The Stahlwille die forge manufactures tools at the Starrag Heckert H55 machining center
Stahlberg, Erzwiese and “Finstertal" mine: In the district of Schmalkalden-Meiningen, Germany, many place names point to the high volume of ore in the area. Due to mineral resources of iron, silver and copper, many tool workshops, ironworks and forges have been built on the edge of the Thuringian Forest since the Middle Ages. Among them were artisan pioneers, such as tool manufacturer SWM-Gesenkbau, who was part of the industrialization in the early twentieth century and is still going strong today.
A castle ruin, a hammer and pliers: The coat of arms of Steinbach-Hallenberg clearly points to the town’s specialities. According to the town’s website, “the long tradition of the local smithery is still being perpetuated with great enthusiasm, exemplified by the impressive metal working museum and the only corkscrew workshop in the world”.
Just as impressive is the 60-year-old SWM tool factory, which has been a part of the Wuppertal-based STAHLWILLE Group – one of Germany’s leading tool manufacturers – since 1996. Since then, the die forge in South Thuringia has supplied the entire group with forged parts for the production of high-quality screwdrivers and gripping tools as well as for the manufacture of intelligent torque technology. Die forging is one of SWM’s particular strengths, as the tools have always been made in-house in Steinbach- Hallenberg. Combined with decades of experience, the integrated CAD-CAM chain ensures efficiency and quality. This is especially evident when the tools are fed into one of the partially automated production lines.
At the center of the newest, cutting-edge SWM production line is the new Starrag Heckert H55 machining center. Those involved in the manufacturing industry are probably surprised to hear that a die forge uses a high-precision compact machining center. But the reason is obvious if you know both the engineer who devised this production line and his ideas.
Enrico Danz: The Gyro Gearloose of the die forging sector
The human factor, which is particularly important in tool making, plays a key role in this area: Enrico Danz explains how the success of a company stands and falls with its employees. Production Manager Danz started as a car mechanic and completed a mechanical engineering degree at night school while working at SWM. The mechanical engineer now specializes in tool technology, yet this genius has not gone to his head. Danz is certainly not a boss who spins his theories and makes decisions from behind his desk. He knows every workpiece inside out; there is no movement that Danz has not already done many times himself. “To identify potential for improvement, I have to visit the site myself. There’s no other way”, says Danz.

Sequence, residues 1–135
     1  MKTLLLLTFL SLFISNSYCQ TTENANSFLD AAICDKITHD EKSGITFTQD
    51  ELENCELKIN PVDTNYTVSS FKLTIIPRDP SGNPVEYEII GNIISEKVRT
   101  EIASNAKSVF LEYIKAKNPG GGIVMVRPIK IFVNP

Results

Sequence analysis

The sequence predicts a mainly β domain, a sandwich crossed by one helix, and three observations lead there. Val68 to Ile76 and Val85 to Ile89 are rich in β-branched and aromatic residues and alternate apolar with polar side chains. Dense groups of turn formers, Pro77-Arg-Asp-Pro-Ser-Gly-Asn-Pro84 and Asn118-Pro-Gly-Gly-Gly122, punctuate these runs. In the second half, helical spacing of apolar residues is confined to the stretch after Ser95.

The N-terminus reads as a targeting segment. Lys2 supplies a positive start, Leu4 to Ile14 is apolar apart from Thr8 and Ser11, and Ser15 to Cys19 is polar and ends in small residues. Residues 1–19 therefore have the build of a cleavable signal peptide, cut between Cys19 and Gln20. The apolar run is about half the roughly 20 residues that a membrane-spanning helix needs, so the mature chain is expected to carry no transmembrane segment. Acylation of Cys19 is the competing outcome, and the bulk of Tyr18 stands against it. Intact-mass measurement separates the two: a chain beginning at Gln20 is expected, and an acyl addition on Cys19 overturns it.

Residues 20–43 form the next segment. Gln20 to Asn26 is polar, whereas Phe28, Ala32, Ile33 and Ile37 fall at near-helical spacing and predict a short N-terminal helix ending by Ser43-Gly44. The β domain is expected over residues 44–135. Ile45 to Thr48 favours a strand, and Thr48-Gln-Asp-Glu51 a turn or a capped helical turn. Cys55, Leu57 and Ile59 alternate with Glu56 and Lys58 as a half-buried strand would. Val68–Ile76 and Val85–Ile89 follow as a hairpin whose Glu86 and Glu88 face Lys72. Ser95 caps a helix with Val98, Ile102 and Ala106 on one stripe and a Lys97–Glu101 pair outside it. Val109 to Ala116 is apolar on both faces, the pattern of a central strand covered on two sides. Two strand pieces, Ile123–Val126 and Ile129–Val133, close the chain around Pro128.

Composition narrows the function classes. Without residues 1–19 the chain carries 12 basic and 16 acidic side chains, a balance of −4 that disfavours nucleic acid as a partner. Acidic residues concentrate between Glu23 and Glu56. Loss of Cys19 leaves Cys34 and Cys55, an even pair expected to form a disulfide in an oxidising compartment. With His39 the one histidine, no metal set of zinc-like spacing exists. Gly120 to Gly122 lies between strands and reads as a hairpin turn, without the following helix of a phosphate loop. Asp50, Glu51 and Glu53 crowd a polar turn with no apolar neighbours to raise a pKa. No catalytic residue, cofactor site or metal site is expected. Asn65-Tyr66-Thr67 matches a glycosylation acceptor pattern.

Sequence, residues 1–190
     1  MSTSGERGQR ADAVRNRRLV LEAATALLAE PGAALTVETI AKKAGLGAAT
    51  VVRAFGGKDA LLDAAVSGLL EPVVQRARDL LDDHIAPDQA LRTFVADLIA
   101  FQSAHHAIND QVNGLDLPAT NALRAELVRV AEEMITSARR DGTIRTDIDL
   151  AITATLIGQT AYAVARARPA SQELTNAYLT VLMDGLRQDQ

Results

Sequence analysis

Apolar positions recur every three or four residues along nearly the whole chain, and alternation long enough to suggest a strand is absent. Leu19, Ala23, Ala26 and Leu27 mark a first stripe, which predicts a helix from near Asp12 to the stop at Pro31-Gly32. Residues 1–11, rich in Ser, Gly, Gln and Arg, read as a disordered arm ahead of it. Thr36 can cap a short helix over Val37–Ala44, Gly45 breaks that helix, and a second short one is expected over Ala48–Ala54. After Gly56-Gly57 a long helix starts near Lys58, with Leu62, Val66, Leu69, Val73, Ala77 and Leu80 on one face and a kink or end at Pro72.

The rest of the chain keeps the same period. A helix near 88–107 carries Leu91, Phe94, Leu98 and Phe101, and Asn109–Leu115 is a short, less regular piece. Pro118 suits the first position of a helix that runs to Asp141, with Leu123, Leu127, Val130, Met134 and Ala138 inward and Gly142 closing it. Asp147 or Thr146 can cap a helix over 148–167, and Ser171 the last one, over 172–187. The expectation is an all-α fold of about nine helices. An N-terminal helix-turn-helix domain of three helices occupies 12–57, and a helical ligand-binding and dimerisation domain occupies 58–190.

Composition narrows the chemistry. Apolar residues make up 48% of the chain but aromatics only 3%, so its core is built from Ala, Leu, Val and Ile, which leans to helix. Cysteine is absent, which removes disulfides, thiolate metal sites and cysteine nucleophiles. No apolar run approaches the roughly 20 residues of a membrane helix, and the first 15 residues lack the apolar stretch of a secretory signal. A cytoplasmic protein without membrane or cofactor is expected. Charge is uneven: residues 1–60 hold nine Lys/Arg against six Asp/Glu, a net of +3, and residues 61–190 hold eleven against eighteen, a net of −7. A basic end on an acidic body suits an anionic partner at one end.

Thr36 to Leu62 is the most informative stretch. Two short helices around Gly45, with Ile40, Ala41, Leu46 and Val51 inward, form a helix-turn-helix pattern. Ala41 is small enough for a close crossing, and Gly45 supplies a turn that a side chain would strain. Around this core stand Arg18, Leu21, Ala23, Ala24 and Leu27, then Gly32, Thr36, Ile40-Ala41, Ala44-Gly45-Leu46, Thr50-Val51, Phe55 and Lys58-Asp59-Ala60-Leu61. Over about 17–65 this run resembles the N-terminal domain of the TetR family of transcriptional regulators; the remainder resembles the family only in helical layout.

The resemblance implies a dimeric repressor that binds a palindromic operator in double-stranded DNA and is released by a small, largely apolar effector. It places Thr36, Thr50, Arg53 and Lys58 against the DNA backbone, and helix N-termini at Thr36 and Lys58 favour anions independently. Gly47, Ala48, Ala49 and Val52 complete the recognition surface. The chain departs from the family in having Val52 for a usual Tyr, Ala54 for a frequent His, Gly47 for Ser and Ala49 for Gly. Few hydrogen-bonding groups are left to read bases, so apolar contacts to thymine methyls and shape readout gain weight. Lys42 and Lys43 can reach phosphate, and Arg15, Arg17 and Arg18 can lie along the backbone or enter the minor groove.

“The Heckert is a workhorse. It has allowed us to open up countless new possibilities, with more being discovered all the time.”
One day, the pragmatist realized that the production of large pliers showed potential for optimization. For him, the typical approach of increasing the degree of automation with robots and complex, standardized clamping devices was not enough. In his opinion, metal cutting was the weak point – clamping and milling the pliers’ heads took too long. Moreover, the spindles had a limited capacity. Danz explains further: “In addition, the product variety was severely limited and retooling was very time-consuming. So it was clear that we had to rethink the production line. Our goal was to significantly shorten the production process and keep the set-up time as short as possible”.
The greatest challenge was the building structure at the mechanical production site. According to Danz, the production hall is “a GDR building from the 1960s, where the width of the stud frames and the load capacity of the floors set the pace”. The only solution was to bring in production technology from Chemnitz. After all, the Heckert compact series is characterized by one feature in particular: it offers maximum productivity with minimal space requirements.
The “assistant” from Schmalkalden